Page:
From the Fiction Issue: Miami, by A.L. Major – Photos by Nan Goldin
Morgan printed the photos and laid them flat on the table. The photos were of a topless white woman with red and curled hair. She was tan and oiled, and she wore a sparkly gold thong. She was sprawled on the sand, on all fours, on her back, on her side. She had sandy, fat nipples and a paw print on each breast. Must be an American, Morgan thought. Only Americans would do this. She stuffed the photos into an envelope labeled private, not caring if she bent them.
Morgan had been working for six months now at Mr. Rolle’s Photography Shop, located on the left side of the Colony Hotel, away from the 100-foot pool and cabanas and rooms, down the broken escalator, at the end of a long line of average souvenir stores. Morgan saw a lot of strange photos working at the shop—backward-capped frat boys mooning the camera, really, really close-up body parts—but these photos of the topless women were the strangest. Her co-worker, Mr. Wilson, had taken them. He was a white man with a gold molar. His face was beet red because he roamed the beach taking photos of tourists who would then come to the shop and pay for a copy, if they liked what they saw. In the window of Mr. Rolle’s Photography Shop, Mr. Wilson had taped photos of white girls with sunburnt faces and cornrows and captions like, “Only in Di Bahamas, Mon!”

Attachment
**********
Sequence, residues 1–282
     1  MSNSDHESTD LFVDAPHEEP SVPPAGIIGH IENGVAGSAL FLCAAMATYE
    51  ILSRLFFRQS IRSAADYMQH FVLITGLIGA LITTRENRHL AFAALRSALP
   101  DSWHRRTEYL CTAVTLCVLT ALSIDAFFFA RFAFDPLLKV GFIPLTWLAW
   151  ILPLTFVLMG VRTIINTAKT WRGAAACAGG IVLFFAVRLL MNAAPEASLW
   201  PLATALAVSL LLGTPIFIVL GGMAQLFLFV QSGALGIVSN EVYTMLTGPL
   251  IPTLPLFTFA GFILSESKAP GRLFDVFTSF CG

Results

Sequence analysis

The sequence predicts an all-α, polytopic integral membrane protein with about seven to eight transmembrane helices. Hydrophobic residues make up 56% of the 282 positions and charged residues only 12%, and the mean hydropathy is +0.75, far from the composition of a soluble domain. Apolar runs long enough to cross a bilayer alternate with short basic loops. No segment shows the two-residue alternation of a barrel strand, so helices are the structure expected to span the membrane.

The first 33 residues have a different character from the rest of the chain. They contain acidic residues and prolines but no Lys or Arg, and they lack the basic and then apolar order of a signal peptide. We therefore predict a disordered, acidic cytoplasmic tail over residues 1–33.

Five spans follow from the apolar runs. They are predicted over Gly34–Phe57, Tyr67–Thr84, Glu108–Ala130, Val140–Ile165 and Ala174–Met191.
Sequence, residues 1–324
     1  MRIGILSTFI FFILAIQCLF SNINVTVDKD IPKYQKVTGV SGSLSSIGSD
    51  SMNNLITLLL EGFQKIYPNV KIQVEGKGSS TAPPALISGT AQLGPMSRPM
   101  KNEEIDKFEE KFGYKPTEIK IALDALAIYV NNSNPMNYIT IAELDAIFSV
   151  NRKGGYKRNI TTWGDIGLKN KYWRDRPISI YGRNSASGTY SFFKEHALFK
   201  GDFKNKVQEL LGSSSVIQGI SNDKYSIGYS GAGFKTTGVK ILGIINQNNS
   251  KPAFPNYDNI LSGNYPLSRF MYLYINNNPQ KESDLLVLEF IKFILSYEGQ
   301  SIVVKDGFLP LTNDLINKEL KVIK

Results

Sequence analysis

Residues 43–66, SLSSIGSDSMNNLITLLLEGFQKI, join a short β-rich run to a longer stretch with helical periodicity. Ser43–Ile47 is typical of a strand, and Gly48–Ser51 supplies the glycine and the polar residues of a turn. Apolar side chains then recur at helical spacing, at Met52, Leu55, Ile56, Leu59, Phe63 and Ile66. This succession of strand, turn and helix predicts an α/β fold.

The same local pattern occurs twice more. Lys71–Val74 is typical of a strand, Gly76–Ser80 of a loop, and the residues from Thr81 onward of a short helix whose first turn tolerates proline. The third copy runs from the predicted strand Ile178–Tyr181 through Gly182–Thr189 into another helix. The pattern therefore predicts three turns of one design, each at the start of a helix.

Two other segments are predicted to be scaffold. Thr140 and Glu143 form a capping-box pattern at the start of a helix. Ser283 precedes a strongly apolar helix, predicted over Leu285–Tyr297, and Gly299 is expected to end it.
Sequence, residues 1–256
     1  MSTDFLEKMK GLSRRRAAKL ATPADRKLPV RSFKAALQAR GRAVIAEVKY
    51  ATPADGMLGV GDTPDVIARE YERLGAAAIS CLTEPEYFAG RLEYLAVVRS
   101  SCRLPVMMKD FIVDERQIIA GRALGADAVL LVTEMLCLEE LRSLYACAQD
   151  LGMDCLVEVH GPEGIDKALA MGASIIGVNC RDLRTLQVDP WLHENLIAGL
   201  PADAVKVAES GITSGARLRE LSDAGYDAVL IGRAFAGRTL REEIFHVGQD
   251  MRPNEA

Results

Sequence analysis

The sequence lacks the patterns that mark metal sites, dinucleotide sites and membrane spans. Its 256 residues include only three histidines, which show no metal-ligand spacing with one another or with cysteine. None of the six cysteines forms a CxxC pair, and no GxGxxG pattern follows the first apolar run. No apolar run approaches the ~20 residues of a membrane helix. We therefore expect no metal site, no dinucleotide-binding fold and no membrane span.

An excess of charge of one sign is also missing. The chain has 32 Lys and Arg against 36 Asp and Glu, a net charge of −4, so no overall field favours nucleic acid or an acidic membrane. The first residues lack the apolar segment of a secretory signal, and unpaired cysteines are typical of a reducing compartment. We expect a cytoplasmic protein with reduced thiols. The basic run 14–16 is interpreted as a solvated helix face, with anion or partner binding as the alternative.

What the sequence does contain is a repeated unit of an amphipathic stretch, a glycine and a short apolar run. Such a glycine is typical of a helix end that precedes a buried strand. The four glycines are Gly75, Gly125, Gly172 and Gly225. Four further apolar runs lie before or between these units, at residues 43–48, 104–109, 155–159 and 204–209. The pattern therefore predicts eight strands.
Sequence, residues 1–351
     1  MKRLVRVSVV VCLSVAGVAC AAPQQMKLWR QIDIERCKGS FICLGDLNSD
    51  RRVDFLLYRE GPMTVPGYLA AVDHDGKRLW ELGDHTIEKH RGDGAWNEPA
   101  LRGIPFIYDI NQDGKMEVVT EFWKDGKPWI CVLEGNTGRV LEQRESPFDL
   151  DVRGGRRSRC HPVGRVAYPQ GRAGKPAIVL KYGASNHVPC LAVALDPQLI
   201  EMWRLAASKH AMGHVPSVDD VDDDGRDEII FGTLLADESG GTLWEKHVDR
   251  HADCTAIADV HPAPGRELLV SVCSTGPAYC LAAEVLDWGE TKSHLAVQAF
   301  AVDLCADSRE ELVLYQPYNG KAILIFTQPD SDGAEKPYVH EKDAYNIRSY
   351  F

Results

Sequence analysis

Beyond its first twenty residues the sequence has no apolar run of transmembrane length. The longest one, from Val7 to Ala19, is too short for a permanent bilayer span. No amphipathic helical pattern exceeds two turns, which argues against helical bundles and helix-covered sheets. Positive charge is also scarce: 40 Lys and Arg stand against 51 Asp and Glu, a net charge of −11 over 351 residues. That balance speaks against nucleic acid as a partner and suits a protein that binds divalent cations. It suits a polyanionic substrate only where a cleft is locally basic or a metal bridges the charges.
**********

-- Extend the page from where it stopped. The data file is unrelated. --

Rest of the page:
Mr. Wilson wasn’t so bad. Morgan liked the way he looked at her—in the same way she liked when men in cars honked at her and when men outside the numbers shops ssk-ssk’d her. Mr. Wilson had a strong American accent and a charming way of addressing her that made her feel like a woman and not a 14-year-old girl. She liked the way he called her Sugar.
“If I were a few years younger, I could handle you.”
“What do you mean a few years younger?” Morgan asked him.
“You don’t think I’m too old for you?”
“No, Mr. Wilson.”
“Don’t call me Mr. Wilson then. My name is David.”
Morgan nodded and smiled. She would keep calling him Mr. Wilson.
“How old are you anyway?” he asked.
“Sixteen,” she lied.
“You’re trouble,” he said. “You got a man.”